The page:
Despite her fame before the revolution, Umm Kulthoum was a phenomenon associated with the glory of the Nasserite era and the dominance of Arab nationalism. While Darwish sang in the language of the marginalized, and Abdul Wahhab sang in the language of the elite, Umm Kulthoum brought the language of the elite to the marginalized; her songs were associated with nationwide education and mass mobilization. Thanks to her, a peasant in the furthermost village of southern Egypt used to know by heart a poem written in the 9th century by a prince from Aleppo in Koranic Arabic. Moreover, her concerts were occasions where the emotional unity of the Arab world was expressed. On the first Thursday of every month, men and women from Morocco to Iraq gathered around the radio to listen to her songs.
With Nasser’s death and the rise of Anwar Sadat, Egyptian economy, politics and culture steadily declined. The era of the great musicians ended; “state” poets and musicians, working as employees at national television or radio stations produced improvised patriotic songs which were only good to make fun of, very much like the obscene state bureaucracy to which they belonged and with which they worked.
On the other hand, the wave of privatization created its own army of “private” artists, cabaret singers who usually were accompanied by half-naked belly dancers. It was a telling event, when an extremely old Mohammad Abdul Wahhab, who had almost stopped composing, was used by Sadat’s government to play the Egyptian and Israeli anthems during the Israeli prime minister’s visit to Egypt as part of the Middle East piece process; Abdul Wahhab was given the title of “Army General” as a reward.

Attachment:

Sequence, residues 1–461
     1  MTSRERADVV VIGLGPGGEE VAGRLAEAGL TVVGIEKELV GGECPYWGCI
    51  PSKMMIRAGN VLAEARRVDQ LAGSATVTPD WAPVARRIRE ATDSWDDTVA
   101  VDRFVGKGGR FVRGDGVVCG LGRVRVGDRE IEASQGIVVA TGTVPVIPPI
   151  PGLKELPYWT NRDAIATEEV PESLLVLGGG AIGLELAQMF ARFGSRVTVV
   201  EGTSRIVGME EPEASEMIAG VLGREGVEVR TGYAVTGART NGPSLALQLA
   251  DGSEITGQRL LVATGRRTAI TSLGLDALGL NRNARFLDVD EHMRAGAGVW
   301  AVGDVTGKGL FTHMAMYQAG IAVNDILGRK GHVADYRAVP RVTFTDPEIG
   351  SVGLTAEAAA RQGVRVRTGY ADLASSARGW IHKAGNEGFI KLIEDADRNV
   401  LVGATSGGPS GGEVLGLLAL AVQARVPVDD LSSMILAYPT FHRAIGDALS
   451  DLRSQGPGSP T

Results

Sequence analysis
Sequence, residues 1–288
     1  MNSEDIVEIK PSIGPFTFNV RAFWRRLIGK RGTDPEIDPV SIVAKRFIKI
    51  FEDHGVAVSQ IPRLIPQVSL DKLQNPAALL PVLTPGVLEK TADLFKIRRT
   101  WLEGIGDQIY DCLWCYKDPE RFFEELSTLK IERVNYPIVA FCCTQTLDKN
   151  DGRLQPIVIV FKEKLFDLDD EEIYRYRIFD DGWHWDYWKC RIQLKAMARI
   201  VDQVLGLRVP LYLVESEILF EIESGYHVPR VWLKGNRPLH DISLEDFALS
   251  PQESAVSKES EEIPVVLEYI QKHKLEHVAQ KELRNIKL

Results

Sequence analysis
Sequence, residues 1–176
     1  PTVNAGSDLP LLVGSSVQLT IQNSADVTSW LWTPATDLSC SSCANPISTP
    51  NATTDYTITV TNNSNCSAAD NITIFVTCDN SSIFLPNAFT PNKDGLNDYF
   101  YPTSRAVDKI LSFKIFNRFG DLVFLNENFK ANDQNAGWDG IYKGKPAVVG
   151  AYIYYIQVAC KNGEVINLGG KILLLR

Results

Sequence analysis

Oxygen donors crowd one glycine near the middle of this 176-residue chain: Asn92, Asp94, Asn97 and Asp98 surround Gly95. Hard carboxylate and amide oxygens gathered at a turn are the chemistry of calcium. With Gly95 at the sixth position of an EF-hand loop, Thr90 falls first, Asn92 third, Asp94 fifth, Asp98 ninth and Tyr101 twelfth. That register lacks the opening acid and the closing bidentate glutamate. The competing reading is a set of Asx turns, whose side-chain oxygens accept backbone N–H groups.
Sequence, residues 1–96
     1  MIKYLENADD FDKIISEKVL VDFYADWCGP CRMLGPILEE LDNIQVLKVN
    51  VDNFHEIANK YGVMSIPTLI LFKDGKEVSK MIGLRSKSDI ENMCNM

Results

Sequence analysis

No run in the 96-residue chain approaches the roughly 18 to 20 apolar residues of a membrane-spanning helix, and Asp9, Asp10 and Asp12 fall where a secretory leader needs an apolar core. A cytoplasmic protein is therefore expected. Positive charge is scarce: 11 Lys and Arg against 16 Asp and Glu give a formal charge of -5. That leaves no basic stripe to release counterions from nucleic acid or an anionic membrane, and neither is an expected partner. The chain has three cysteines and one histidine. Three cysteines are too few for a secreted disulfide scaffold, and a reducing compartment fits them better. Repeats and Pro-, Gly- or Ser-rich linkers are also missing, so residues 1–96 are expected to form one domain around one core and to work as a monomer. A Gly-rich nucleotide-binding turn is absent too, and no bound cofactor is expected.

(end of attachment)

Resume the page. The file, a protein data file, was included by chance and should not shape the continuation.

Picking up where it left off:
In this total decadence, Sheikh Imam was the last of the great men. Since the time of Nasser, his songs had been the voice of the deprived and the oppressed. He was associated with the Egyptian communists, and therefore was persecuted by the Egyptian government even under Nasser. However, Imam turned into a pan-Arab phenomenon in the 1970s as the voice of genuine Arab Egyptian culture resisting the decadence of Sadat’s world. Sheikh Imam was the true heir to Sayyed Darwish in the fact that his music was very much rooted in Egyptian folk songs and in his use of the colloquial expressions of the poorest strata in the Egyptian society. He was an heir to Umm Kulthoum and her three great composers, for his music was greatly affected by the Islamic tradition of reading the Koran, calling for prayers and chanting religious poems praising the Prophet in sad beautiful tones. There was definitely no semblance at all between him and Abdul Wahhab.
Imam was unique in his extreme poverty. He was never offered a studio or a band of musicians. All he had was his personal oud (an oriental string instrument) and a friend with a darbouka (a small drum). He was a star known all over the Arab world; nevertheless, he died penniless and alone in Hosh-Qadam, a poor alley in Islamic Cairo.
He was a symbol of ultimate resistance in times of ultimate defeats, and therefore his CD came out for the first time in 2003.
Read more: http://www.dailystar.com.lb/Culture/Art/2004/Jan-24/92950-the-strong-beautiful-voice-of-the-marginalized.ashx#ixzz2wGTMYZ3r
(The Daily Star :: Lebanon News :: http://www.dailystar.com.lb)